Community can be difficult to define, find and explore in a world where you can access information in solitude. It has become a choice whether or not people are civically engaged, or sit remotely and choose not to participate at all. This is why when we hear remarkable stories that detail the vulnerability and transformative experiences of others, we are so curious, invested and suddenly question how we might become further involved.
Speakers Zach Presutti, S.J. and Mary Walle explained their passion for the work they do alongside incarcerated folks at Solidarity on Tap. It was the first of its kind to be hosted in New York City. Solidarity on Tap is a convening of people with social justice lenses that color their world. They are often individuals from communities that praise the values and texts that inform Ignatian Social Teaching, but are open to all who hope to engage in conversation on contemplative topics.
A CALL TO ACTION
As Pope Francis has called people of Catholic faith to live out a Year of Mercy, the event also asked attendees to reflect on “Mercy In Action.” Presutti focused on his work for the THRIVE Jesuit Prison Project, and their call to action was for participation in creating a Learning Center for those in The Tombs detention center located in Manhattan.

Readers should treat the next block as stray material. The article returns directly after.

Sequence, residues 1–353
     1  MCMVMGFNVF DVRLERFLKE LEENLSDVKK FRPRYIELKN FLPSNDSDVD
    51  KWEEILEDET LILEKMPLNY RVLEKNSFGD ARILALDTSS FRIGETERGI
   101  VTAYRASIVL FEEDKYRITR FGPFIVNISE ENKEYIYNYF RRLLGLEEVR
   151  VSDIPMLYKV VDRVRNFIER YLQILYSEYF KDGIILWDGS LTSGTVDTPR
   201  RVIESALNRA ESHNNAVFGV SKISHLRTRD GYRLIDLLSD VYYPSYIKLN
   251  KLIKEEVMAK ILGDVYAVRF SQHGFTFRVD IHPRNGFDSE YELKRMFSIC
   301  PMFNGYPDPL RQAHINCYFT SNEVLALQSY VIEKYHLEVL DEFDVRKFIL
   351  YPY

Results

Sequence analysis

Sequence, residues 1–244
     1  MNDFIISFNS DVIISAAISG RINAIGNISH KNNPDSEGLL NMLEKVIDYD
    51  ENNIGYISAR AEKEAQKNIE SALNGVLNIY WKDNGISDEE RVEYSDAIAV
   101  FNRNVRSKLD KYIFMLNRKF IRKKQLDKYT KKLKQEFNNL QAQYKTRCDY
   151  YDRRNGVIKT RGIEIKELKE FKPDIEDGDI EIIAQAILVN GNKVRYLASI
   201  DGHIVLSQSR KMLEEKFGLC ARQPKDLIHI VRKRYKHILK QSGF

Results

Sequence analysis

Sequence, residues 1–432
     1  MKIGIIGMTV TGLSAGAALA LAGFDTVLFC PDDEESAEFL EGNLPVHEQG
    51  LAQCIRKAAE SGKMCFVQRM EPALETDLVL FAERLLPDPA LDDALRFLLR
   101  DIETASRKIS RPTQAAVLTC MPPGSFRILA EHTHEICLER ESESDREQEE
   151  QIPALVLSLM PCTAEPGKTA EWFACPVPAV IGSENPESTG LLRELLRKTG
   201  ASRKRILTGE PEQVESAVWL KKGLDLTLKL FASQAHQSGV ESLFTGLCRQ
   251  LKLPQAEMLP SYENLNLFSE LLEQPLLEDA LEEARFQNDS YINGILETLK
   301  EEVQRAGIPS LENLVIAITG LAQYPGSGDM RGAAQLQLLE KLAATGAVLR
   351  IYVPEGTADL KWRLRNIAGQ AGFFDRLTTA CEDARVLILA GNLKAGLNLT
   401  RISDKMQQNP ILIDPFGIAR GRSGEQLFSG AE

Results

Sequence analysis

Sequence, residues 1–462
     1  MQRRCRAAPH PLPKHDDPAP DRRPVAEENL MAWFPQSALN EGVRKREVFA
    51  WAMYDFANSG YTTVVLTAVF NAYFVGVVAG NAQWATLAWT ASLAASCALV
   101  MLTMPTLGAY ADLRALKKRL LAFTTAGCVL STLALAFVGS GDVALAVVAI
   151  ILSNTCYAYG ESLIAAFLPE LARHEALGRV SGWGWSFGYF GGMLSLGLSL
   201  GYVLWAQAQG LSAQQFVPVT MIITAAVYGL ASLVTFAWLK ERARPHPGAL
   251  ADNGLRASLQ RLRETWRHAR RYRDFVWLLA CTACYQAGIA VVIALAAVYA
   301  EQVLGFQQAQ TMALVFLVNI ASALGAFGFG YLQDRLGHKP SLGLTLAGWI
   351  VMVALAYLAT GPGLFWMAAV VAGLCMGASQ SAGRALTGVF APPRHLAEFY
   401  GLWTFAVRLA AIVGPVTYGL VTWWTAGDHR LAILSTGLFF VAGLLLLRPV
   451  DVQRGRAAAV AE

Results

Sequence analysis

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Walle’s reflection took us through her early experiences as a college student and the current status of the oppressive system of mass incarceration in present day America. With comparative stats about what prison is like abroad and poems that asked participants to reflect. Her call to action was rooted in engagement about the issue through both active conversation, and gaining more knowledge through the powerful and well informed resources available.
RAW EXPERIENCES THAT LEAVE A MARK
Presutti shared his initial opportunities as a Jesuit novice to work with those in the prison system. He took careful consideration not to exploit the stories of those that were “locked up” on the inside, while also finding parallels to the idea of every human being having something that invites them to symbolically and psychologically feel, “locked up.”
In this way, there was recognition of the humanity we all possess. This human connection stems from something deeper than the things we have done. Presutti emphasized that the prison system often convinces felons, or those with criminal records that their choices at one point in their life are the sole thing that defines them; rather than who they are as a person and what they are most passionate about.
The reality presented by Presutti is that we are all capable of making choices that can land us in prison, and the many differences are traced to issues that intersect within the system—whether they be race, mental health, economic resources or education and the list went on. The important take away being that when access to educational materials increase for people on the inside of jail cells, the greater their chances of aspiring to be more than the labels they are given by others. Most notably, those responsible for policy and any restrictions placed on them by lawmakers.